Tuesday, December 13, 2011

China and USDA Organic Wine

Earlier this year, I featured a photo with Katrina Frey in her family's Redwood Valley winery with cases of Frey Wine destined for China.

Following up on that conversation, this week I was able to connect with her distributor in China, Hidden Valley Cellars, run by "Morris" Wang (his self-given American first name - his real name is You Wei Wang), to learn more about the reception for wines labeled with the USDA Organic symbol that he is importing.

Fore more information about Hidden Valley Cellars, click here.

So far, Wang, who's based in LA when he's not in China, has sold 4-5,000 cases of wine from three California wineries, or about $500,000 worth of imports.

But he says it's an uphill battle. "People in China do not care about the organic concept. It is more of a time to do education," he says. Because wine education is in such an early stage, consumers are not yet savvy enough to grasp the organic versus regular difference, he says.

However, organic food is a big topic.

"The government is promoting the organic concept a lot," Morris said. "Food safety is a big priority for the government and they talk about it a lot." This, he said, is in response to the many recent scandals where fake things have been added to food - and to wine - in China.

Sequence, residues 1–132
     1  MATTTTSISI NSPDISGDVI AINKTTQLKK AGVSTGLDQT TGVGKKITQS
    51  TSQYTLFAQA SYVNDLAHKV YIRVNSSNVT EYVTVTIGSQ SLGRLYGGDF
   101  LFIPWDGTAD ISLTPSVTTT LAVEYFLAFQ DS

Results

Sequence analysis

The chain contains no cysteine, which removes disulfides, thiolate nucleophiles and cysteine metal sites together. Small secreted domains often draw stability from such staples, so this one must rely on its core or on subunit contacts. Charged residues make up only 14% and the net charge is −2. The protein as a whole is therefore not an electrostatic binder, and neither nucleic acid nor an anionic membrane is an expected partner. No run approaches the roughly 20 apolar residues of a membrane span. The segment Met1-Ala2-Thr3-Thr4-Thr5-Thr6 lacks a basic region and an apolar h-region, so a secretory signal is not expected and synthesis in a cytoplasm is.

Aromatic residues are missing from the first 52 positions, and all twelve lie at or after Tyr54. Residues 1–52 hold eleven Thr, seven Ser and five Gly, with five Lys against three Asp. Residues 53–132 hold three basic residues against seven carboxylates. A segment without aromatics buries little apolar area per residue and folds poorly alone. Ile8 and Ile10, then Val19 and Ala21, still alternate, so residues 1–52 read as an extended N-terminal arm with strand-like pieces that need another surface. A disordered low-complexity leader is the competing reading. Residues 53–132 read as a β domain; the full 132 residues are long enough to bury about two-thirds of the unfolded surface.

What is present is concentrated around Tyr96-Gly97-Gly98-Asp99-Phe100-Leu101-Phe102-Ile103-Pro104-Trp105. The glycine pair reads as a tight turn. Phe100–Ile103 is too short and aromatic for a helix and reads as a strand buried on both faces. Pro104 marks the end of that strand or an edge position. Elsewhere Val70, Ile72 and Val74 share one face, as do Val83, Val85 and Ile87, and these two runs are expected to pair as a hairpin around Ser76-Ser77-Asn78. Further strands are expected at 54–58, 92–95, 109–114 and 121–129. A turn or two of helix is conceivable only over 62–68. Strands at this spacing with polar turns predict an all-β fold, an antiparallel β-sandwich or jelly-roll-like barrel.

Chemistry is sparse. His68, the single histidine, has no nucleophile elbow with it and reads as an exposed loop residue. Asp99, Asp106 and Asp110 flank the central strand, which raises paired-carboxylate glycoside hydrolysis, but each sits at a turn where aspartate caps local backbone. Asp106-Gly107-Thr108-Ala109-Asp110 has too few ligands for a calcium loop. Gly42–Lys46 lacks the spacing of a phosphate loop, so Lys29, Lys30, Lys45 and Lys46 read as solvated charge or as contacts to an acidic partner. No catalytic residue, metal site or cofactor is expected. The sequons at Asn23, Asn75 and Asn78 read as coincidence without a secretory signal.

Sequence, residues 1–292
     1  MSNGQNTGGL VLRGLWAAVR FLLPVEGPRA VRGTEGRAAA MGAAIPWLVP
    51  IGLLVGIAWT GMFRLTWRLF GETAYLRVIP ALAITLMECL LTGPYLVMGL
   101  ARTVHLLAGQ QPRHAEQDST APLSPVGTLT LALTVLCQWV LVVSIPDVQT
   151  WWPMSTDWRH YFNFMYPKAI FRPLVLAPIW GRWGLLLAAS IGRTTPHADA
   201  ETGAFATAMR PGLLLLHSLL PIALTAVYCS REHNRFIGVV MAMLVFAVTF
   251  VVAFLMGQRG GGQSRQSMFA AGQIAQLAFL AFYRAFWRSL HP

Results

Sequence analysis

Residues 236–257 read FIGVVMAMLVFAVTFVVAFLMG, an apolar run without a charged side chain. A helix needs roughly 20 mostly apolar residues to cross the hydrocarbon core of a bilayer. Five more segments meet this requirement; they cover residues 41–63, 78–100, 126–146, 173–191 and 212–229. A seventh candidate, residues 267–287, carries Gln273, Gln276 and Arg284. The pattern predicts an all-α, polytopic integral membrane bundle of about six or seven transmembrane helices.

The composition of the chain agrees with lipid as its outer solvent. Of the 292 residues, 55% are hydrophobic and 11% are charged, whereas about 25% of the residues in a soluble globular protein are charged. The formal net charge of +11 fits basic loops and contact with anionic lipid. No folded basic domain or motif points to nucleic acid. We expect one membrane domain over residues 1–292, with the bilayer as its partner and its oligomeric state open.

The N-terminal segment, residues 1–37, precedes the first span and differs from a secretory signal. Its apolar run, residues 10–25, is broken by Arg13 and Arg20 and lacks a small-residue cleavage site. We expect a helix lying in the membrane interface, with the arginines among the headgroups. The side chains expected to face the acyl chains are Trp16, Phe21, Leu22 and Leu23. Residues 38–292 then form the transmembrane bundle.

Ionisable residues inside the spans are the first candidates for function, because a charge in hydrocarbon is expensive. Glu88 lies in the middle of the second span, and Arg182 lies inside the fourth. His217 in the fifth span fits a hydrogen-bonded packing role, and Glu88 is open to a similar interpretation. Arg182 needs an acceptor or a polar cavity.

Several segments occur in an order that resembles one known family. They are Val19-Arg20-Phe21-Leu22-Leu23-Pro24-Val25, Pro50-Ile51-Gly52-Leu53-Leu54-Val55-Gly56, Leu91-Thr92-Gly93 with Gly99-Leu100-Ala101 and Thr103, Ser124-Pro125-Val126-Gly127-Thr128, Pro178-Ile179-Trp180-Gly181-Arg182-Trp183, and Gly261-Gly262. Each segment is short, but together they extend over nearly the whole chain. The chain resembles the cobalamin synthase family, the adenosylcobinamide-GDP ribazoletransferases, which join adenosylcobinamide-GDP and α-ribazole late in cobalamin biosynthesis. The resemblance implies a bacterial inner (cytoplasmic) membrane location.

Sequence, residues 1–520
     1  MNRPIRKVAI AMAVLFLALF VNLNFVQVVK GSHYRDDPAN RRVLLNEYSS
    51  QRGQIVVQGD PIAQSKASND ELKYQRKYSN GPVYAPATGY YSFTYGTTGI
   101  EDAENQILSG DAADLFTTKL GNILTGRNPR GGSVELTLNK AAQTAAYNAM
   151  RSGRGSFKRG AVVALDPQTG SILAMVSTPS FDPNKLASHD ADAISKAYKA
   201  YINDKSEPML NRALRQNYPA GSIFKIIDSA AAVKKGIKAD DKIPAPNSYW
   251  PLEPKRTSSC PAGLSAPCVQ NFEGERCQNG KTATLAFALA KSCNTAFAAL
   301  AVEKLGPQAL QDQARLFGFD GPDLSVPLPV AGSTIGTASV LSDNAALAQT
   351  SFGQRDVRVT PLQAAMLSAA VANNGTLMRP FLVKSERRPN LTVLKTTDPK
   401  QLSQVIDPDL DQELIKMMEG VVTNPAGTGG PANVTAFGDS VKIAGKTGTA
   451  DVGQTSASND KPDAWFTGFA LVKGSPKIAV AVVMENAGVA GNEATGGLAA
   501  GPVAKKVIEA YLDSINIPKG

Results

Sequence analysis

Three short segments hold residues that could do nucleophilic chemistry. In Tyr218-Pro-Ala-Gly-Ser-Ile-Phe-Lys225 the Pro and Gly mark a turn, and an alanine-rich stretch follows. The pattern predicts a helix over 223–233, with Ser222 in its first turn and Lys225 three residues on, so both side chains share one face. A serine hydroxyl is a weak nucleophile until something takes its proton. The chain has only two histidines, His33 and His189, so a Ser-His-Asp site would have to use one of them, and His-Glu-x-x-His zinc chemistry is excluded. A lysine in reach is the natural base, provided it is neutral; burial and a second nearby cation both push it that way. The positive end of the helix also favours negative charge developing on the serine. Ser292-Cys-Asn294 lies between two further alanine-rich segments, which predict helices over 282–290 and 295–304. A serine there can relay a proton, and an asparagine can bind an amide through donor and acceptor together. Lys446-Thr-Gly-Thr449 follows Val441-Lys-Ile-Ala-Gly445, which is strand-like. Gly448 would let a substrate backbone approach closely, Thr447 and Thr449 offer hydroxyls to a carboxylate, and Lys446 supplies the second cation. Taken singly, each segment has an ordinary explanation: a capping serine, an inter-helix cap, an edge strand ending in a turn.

Brian Goldbeck, Consul General of the United States in Guangzhou
holding a bottle of Marilyn Merlot auctioned at the
Quangdong International Wine Spirits Expo in Pazhou
Wang has been promoting both Frey and Madonna Estates certified organically grown wines along with a Napa label called Marilyn Merlot (which apparently contains some organic grapes blended in).

Katrina Frey was invited by Wang to participate in a big symposium and conference on Wine in China, in a program about organic wines, but the event was cancelled.

Another obstacle for California wines in China is the Chinese preference for French wine. "People don't know that much about wine from California," Wang says.

Wine is also very price sensitive in China, he says.

Wang's wife works with a trade group affiliated with the U.S. Consulate in South China.

Quoted on the Chinese news web site Life of Guangzhou, Cecilia Cai, president of Pearl River Delta American Wine Import Association, which promotes American wines in China, said that "American wine has better cost performance than French wine, and has a rich flowery fragrance and strong taste." 

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